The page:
After a victory at the recent parliamentary elections, Sri Lanka is seen by the outside world as a shining example of democratic peaceful elections and political transition. Our democratic values in society are far superior to an individual politician.
According to Justice Weeramantry, “our ancient civilization fore-shadowed concepts of equality, freedom and democratic procedures in a manner which throws on us the burden of carrying on these democratic practices and developing them to the best of our ability”. We have made history by creating a national government and by signing a MOU between Government and Opposition for the first time. Prime Minister Ranil Wickremesinghe backed by his long political career has exercised within the democratic framework trying to accommodate all voices from many political parties. As he says “Our aim is to emulate the dignified tradition of King Lichchavi, whereby people would meet peacefully, discuss issues peacefully and disperse peacefully, in order to ensure good governance and build a united and prosperous nation”. The Lichchavi kings had ruled the Kathmandu area in Nepal from 400 to 750 AD. This period saw the flowering of a liberal political Culture and coexistence of Buddhism and Hinduism.
It was a ballot based silent revolution that changed the Rajapaksa regime on 8th January- orchestrated by the people of Sri Lanka. The people reaffirmed their verdict at the 17th August Parliamentary elections. This secured a clear victory for the United National Front for Good Governance taking 106 seats while the opposition could secure only 95 seats. The new Government with the leadership of the new Prime Minister Ranil Wickremesinghe will be ready to take Sri Lanka towards 2020. As he pledged to introduce good governance and fight against corruption to bring economic prosperity in his election manifesto its time he executes the promises with the right kind of cabinet ministers.
The four time Prime Minister who understands and knows most politicians in his political sphere would have to find the art of moving away from playing prisoners dilemma as he needs to get everyone to cooperate and move forward not stagnate at one place. According to my fellow Young Global Leader and Adjunct Prof. Lutfey Siddiqi, “If you and I were to change our ways together, we could both get to a better place. However, if I was to change and you were not, I’d be much worse off. And because I can’t be sure that you will move, I won’t make the move either. These words demonstrate a classic “prisoners’ dilemma,” where groups of people settle for a suboptimal outcome because they cannot ensure coordinated action that could take them all to a better outcome.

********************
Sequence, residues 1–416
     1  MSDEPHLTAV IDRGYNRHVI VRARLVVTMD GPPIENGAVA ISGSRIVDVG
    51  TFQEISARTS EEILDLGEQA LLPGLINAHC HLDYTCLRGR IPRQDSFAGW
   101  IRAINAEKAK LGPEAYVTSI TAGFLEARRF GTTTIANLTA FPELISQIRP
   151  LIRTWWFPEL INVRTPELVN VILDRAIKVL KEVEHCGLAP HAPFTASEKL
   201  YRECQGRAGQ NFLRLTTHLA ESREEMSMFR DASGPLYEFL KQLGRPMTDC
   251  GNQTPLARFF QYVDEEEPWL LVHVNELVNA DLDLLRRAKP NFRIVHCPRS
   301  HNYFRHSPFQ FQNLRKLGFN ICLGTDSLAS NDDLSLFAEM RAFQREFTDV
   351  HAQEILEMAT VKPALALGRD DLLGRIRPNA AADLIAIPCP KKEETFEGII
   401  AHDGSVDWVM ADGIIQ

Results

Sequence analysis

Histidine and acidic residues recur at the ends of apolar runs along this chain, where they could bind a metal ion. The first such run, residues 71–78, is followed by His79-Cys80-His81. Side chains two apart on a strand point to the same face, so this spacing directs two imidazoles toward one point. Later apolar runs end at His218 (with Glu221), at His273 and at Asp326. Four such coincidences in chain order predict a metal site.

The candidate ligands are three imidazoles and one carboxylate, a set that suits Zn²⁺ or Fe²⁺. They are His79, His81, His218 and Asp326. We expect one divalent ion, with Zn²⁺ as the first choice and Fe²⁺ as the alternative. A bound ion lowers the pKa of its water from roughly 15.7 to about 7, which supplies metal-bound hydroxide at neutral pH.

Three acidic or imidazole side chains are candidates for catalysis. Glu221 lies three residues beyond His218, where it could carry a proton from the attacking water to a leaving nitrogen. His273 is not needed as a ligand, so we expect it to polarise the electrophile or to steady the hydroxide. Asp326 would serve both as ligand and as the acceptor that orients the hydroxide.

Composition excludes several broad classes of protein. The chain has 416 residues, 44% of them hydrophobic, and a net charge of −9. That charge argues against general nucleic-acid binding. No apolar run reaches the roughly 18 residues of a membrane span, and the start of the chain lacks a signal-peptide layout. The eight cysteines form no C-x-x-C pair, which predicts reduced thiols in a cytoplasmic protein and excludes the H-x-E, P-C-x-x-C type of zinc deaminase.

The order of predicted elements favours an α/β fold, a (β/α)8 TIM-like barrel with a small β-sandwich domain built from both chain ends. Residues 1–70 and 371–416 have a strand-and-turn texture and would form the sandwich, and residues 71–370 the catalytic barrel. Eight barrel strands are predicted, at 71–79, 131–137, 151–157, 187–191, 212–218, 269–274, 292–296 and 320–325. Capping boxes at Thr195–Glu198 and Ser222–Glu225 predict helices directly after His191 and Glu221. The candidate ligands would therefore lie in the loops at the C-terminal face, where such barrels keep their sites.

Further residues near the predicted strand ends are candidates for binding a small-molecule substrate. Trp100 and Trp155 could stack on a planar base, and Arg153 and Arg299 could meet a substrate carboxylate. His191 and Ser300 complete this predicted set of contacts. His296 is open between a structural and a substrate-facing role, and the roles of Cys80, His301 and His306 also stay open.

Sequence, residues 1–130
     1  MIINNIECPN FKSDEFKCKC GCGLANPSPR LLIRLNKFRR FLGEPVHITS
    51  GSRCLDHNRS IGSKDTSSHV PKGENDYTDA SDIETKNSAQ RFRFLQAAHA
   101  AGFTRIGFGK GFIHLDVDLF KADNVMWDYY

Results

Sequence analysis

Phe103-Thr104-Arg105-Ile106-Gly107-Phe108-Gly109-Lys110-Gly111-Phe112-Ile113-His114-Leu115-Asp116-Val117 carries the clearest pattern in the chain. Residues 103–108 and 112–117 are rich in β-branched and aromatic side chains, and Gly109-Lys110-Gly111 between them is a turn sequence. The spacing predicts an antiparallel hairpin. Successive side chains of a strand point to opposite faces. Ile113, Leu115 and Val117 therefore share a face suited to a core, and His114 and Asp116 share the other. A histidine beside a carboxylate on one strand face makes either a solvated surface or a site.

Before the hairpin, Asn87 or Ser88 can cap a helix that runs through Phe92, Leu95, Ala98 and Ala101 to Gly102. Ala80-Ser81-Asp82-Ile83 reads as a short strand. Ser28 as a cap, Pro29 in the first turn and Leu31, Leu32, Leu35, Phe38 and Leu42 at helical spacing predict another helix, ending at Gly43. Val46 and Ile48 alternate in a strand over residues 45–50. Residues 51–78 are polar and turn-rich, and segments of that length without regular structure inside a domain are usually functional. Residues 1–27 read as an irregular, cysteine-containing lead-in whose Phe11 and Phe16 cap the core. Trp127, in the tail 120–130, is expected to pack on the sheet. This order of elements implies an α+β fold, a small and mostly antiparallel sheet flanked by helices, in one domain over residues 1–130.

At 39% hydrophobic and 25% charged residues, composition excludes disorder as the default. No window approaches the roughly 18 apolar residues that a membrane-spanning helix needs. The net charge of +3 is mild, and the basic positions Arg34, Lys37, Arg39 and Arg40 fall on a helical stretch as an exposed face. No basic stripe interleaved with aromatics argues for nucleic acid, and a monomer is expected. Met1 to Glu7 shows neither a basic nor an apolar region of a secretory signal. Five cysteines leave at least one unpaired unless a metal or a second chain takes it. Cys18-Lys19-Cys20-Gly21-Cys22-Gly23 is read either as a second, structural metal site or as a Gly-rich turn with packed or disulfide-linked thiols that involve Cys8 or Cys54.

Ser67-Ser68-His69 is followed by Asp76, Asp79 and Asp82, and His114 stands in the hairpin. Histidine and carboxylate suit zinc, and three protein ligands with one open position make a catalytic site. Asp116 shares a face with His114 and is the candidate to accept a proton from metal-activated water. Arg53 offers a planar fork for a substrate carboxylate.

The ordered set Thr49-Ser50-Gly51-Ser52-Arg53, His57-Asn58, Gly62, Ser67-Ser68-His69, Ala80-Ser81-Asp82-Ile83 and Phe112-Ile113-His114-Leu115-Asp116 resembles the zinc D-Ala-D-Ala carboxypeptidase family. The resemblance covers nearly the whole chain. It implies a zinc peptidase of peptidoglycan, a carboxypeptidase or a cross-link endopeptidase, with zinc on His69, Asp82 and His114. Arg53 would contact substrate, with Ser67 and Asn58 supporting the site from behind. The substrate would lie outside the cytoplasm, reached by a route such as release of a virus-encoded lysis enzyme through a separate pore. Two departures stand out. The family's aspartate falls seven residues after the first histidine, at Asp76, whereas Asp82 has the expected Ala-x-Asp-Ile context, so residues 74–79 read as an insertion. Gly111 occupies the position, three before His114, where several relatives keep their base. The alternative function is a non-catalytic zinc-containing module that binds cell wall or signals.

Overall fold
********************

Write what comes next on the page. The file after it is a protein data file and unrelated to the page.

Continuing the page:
Great leadership, especially in the context of national leadership is about orchestrating coordinated movement away from the prisoners’ dilemma to a higher collective outcome.”
On the UNFGG election manifesto promises one million jobs with 45 industrial zones, which will clearly take us to an economic height at-least to double our per capita from the present $3200 to $8000 by 2020 a projection earlier given by central bank. It’s important to get few areas ready to move our economy from efficiency driven to innovation driven economy in the years to come. Investment in education is a vital area where more than 40% fail GCE O/L mathematics and lack of competent teachers for English and other important subjects need to be considered. We need to invest to transform the present system to a world class education system with the right investment for schools, teachers and STEM (Science, Technology, Engineering and Mathematics). STEM is on top of the priority list in Singapore and the investments they have done on these areas are significant. Development of STEM is a priority in countries such as Singapore that has already developed a world-class education system, which has ranked the Singaporean universities at the top 75 world’s best ranking.
On fighting corruption it is important to give the top priority to strengthen the bribery commission and the commissioner. This could be strengthen by implementing Right to Information Act which will give individuals of the society power to question politicians and others of their lavish spending specially during elections. Political corruption has to be looked at and transparency during elections and after the elections is an important topic.
During this author’s recent visit to trans-Himalayan development forum- forty scholars from Asia participated in questions of common regional interest. A question was raised during a conversation with South Asian Scholars. The question centric to effective leadership was reiterated -“How do we make politicians disciplined and answerable so that they will not steal people’s money? Can we make them afraid enough of being answerable to some authority such as the bribery commissioner? The answer was that it will be a difficult task in this region as politicians make their own rules.
According to an Indian scholar, they made a gold statue of a South Indian politician which was not an issue and most politicians earn much as possible and reinvest a percentage for elections while some keep it apart from their political careers. Some people enjoy this cycle in society and they elect the same individuals knowing their record on corruption. The conversation ended with some optimism that certain things would improve in two generations time. If certain leading scholars are of this mindset, how do we make this region as developed in political and educational culture as EU?
Given the existing political culture which requires correct political will to transform – it could be far away from everything resting on the fundamental values of integrity and rule of law- the most solid foundation for economic prosperity.